Antique Art Supplies and Vintage Color Charts

It’s almost summer! Time for pools, shorts, soft serve ice cream, and of course, creativity! Summer is the perfect time to finally start that novel, children’s book, animation, or video game.

One of my favorite things to do during summer is to paint outside with a simple canvas and easel. Feeling nostalgic, I went on what I thought would be an impossible hunt for free vintage illustrations of art supplies. But I lucked out and found this awesome antique art supply catalog from 1906 that’s packed with drawings of antique art pencils, inks, chalks, art sets, and vibrant color charts. I went through the catalog and picked out my favorites, then I brightened them up a bit with Pixlr.

Incorporate them into your next collage or find inspiration for hidden object video games, greeting cards for artists, Etsy products, and more!

Did You Know?

  • Pencil “lead” is actually graphite. The term originated from the Greek word, graphein, which means “to write!”
  • The actual origin of pencils themselves can be traced back to mid-1500s England. There, a large graphite deposit was discovered which lead to the creation of the pencil we commonly use today. Drawing pencils started to grow in popularity during the 17th century.
  • Many scholars believe that the first easels were actually used by ancient Egyptians!
  • One of the earliest known art supplies is the classic paintbrush. Anthropologists discovered proof of paint brush use in paleolithic caves in Europe.
  • Archaeologists revealed that oil paints were used in Afghanistan as far back as the 7th century!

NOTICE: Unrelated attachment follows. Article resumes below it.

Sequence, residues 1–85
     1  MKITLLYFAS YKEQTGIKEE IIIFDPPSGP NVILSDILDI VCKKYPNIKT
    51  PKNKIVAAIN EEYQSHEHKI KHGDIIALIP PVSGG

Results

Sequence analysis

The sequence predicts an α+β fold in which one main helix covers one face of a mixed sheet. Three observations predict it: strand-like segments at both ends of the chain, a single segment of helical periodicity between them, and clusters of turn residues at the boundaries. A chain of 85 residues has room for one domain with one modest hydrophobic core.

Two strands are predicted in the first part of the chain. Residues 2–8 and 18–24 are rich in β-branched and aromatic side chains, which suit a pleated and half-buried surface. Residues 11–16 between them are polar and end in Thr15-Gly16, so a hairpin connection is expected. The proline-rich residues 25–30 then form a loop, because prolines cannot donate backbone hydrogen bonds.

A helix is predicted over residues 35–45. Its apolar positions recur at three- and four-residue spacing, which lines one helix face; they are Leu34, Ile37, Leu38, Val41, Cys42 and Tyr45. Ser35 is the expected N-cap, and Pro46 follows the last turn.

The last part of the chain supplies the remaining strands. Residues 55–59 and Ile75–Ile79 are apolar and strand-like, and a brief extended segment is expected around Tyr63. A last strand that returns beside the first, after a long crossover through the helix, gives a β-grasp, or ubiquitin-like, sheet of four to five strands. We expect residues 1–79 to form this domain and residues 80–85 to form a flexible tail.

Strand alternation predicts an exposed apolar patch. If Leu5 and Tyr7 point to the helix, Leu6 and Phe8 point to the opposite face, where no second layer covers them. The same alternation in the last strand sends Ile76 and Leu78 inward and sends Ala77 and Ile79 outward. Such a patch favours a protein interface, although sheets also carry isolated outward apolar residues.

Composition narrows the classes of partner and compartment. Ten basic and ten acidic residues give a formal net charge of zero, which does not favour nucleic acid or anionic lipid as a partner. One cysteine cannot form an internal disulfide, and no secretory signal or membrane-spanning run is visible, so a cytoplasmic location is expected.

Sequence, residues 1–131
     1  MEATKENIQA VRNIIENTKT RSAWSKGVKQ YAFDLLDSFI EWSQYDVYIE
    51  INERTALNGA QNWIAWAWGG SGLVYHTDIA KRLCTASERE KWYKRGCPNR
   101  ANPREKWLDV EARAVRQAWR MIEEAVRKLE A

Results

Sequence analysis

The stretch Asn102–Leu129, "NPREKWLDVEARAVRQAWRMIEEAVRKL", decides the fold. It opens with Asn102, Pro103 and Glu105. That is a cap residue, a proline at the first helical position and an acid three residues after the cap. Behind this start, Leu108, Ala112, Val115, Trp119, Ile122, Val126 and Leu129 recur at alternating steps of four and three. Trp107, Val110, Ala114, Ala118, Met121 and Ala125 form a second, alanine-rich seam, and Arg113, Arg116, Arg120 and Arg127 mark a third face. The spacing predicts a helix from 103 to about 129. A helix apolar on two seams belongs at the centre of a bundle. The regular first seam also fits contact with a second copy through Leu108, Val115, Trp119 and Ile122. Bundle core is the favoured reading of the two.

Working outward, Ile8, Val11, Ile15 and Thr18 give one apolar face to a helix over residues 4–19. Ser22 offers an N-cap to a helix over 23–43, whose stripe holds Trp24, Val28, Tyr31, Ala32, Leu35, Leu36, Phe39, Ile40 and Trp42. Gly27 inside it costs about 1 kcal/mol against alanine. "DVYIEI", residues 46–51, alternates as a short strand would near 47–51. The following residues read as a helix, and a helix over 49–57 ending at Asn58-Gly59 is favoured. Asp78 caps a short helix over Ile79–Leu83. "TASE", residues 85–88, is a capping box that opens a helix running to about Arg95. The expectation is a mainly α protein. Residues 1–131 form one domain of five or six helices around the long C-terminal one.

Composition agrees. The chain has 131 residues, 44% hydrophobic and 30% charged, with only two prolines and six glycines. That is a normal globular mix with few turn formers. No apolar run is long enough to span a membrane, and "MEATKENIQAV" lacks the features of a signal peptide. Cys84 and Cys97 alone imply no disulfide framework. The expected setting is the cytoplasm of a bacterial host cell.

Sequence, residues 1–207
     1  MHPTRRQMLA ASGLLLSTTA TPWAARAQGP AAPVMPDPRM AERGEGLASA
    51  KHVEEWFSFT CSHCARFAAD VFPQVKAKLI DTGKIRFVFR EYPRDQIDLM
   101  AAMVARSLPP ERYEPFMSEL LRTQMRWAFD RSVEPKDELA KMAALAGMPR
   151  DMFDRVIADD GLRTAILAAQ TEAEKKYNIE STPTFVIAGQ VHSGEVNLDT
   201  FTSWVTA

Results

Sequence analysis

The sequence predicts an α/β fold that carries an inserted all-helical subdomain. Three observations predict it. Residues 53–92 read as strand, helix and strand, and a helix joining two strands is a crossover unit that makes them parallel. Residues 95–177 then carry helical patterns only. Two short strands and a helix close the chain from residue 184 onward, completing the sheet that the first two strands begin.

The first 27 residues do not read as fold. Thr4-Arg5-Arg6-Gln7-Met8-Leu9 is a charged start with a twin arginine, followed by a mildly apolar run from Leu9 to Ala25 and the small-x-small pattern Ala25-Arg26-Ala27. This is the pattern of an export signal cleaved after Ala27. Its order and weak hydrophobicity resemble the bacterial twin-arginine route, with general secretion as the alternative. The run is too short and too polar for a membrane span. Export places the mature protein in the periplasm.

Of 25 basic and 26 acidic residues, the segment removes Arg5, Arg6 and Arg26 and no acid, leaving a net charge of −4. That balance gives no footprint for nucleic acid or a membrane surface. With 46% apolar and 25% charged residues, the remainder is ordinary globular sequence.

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Free Vintage Illustrations for St. Patrick’s Day: Corned Beef, Cabbage, and Potatoes

There’s another crafty holiday on the horizon! With St. Patrick’s Day around the corner, I’m reminded of when my grandma would make corned beef, cabbage, and potatoes for dinner. I went on an epic search and found some great clippings from vintage catalogs, seed advertisements, antique trading cards, and magazines and cleaned them up a bit with Pixlr. Feel free to include them in your St. Patrick’s day blog posts, school projects, art projects, and Etsy gifts, or pair these illustrations with some of my previous posts about food to create a detailed collage. This post also got me thinking about the history of this traditional Irish meal, and I learned some things that I did not expect. Find out below!

Fun Facts about Corned Beef and Cabbage!

  • Pork was actually the meat of choice for Irish immigrants first immigrating to America, specifically smoked pork loin. It was cheap to get in Ireland, but not so much in the United States. Therefore, people got creative and started cooking beef. Irish immigrants were inspired to make corned beef after visiting the markets of Jewish Immigrants in New York City. Their corned beef had a similar taste and cured preparation to the popular Irish cut smoked pork back home.